It is well known that certain cancers have shown clusteringin educational and socioeconomic groups, but recent comprehensive data on clustering by education are limited. We determined standardized incidence ratios (SIRs), adjusted for several variables, for cancer among men and women in six educational groups based on the Swedish Family-Cancer Database. People were identified with a certain educational background in the census of year 1970; the comparison group was the largest group, those with 50%, for stomach cancer in both genders and for cervical and anal cancer in women.
Collection of systematic information on education is a long-established practice in Denmark.
We describe the education registers available through Statistics Denmark. In particular, we describe the most widely used register: the Population Education Register (PER).
In 2008, 96% of the Danish population aged 15-69 have non-missing education information in PER. For the immigrant population born in the same cohorts the coverage is 85-90%, which is a high coverage in an international context.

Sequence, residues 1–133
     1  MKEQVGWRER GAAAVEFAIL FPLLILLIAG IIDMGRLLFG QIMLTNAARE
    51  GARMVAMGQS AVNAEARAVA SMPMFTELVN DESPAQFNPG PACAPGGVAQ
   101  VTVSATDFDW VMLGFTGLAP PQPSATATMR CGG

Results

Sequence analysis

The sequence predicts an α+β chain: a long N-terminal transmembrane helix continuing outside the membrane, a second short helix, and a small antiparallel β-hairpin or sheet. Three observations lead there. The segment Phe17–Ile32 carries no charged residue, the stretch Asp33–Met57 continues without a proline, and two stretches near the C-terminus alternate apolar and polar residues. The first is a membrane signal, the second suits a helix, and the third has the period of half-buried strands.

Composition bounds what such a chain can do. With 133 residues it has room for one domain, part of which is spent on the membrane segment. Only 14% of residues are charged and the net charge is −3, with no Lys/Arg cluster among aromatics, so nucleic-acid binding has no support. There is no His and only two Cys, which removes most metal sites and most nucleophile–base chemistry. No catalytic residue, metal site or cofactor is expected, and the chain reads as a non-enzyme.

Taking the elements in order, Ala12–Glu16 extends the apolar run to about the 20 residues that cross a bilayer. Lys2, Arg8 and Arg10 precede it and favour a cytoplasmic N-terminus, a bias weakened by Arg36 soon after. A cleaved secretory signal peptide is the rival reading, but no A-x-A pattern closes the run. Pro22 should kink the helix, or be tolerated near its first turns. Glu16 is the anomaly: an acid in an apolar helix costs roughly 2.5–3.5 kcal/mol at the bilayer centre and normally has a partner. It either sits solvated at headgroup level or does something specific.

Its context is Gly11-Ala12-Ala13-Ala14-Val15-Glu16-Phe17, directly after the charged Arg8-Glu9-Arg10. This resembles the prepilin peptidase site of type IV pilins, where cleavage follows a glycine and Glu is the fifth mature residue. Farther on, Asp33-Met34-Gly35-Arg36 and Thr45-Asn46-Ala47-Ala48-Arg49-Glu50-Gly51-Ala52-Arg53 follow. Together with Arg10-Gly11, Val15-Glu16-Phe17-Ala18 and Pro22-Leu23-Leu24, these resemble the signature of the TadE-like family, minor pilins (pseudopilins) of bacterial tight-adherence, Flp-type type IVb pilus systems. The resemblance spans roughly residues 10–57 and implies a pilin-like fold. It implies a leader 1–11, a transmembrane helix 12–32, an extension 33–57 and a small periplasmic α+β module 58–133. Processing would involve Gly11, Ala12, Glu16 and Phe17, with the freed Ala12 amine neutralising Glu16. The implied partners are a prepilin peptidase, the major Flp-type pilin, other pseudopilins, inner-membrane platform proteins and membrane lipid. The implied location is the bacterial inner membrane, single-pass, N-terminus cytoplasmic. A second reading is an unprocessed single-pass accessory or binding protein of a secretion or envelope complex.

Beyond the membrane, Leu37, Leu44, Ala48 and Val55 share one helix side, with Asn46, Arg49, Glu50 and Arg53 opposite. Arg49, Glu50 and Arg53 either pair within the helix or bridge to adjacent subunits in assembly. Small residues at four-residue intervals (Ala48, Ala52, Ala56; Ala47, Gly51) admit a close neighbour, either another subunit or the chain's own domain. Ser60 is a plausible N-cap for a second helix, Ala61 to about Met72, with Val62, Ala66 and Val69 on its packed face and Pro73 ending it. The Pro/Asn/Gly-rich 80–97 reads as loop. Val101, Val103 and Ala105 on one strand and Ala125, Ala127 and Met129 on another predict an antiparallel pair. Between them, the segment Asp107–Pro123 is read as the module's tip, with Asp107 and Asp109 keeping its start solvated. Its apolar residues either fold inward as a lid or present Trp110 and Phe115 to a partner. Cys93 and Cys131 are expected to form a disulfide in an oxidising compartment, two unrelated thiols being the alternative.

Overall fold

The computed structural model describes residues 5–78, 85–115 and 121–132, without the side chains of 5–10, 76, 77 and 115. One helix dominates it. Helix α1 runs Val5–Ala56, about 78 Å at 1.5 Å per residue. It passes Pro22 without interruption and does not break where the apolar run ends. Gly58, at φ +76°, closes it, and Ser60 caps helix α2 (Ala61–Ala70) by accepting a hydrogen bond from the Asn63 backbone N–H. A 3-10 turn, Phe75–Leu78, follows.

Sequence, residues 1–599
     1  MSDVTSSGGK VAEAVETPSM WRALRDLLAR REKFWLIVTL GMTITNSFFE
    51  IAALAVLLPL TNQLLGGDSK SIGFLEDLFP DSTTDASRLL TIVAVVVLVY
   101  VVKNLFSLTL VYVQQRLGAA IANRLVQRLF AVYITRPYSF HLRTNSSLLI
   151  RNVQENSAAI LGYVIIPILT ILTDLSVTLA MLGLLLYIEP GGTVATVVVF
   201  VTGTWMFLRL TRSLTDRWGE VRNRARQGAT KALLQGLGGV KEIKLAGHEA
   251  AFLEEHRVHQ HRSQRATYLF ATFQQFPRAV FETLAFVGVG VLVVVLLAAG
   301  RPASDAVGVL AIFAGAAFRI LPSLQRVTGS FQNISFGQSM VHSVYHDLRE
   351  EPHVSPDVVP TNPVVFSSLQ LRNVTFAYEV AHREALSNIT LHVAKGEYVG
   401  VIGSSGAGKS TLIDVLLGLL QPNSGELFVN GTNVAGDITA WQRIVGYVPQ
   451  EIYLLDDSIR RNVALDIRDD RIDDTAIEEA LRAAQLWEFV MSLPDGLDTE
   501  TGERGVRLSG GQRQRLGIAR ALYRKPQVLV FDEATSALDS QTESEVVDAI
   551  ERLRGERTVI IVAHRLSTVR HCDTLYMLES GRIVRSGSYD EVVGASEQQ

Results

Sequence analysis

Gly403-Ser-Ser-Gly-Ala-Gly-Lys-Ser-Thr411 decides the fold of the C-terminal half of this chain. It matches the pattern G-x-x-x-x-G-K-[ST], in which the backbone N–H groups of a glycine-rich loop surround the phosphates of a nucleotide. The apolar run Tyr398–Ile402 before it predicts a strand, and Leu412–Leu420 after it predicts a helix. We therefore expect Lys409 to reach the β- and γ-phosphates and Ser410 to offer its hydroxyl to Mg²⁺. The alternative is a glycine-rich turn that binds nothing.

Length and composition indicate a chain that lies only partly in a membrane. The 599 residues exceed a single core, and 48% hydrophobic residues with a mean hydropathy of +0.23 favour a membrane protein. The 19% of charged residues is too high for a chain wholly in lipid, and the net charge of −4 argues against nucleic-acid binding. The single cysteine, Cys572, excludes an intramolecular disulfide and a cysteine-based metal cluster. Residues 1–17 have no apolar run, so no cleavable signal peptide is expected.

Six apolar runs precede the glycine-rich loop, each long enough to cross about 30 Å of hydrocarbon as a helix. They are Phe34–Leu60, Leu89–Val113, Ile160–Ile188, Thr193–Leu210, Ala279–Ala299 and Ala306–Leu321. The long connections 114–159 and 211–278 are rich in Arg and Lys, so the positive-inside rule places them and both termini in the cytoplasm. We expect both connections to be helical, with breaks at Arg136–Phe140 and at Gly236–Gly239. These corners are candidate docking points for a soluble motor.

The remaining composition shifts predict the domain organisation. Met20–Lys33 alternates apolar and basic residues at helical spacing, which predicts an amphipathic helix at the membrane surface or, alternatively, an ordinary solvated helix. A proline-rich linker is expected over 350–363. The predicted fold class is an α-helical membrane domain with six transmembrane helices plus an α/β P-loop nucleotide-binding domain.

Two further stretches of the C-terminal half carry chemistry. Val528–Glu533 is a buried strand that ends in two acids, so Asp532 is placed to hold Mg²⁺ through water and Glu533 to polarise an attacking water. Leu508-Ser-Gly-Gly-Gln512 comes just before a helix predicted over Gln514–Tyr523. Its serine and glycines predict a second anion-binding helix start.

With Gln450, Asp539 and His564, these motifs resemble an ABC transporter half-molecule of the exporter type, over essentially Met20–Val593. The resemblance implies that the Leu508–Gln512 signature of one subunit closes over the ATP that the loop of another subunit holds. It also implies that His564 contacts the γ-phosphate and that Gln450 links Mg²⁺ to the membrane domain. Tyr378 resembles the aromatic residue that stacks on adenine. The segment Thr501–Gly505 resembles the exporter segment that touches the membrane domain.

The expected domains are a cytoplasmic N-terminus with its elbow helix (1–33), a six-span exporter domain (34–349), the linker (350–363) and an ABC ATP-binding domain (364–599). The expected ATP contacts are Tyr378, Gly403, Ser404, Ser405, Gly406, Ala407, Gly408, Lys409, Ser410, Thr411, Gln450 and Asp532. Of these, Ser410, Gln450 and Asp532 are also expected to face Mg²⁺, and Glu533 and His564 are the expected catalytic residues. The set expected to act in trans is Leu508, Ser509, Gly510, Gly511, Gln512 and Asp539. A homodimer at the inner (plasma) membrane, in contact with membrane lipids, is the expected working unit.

The validity and coverage of the Danish education registers are very high.
The high prevalence of the major behavioral factors of a risk to health: violation of the study leisure regimen, violation of dietary pattern and quality, low motor activity, smoking, frequent alcohol abuse, drug taste, and deteriorated family microclimate, was revealed in middle and senior schoolchildren from Moscow, Kaliningrad, and Murmansk. Proposals are given to mold healthy lifestyle in adolescents and to optimize their hygienic education at general educational establishments.
Using the Mantel-Haenszel (MH) Procedure, we analyzed data for 7,087 American and 4,022 Russian Grade 8 students from the Third International Mathematics and Science Study (TIMSS) to compare mathematics achievement in the two countries on each of the 124 multiple-choice items. The results of the analyses indicate that the performance of the students on individual multiple-choice mathematics items vary by country. The results also suggest that the relationship between country and item performance differ as a function of content area. A total score of a country's achievement does not provide the whole picture of achievement dynamics; it averages out potentially important information on student achievement and the causes of their performance relative to other countries. The dynamics of achievement across countries will not be revealed unless the analyses are done at the item level.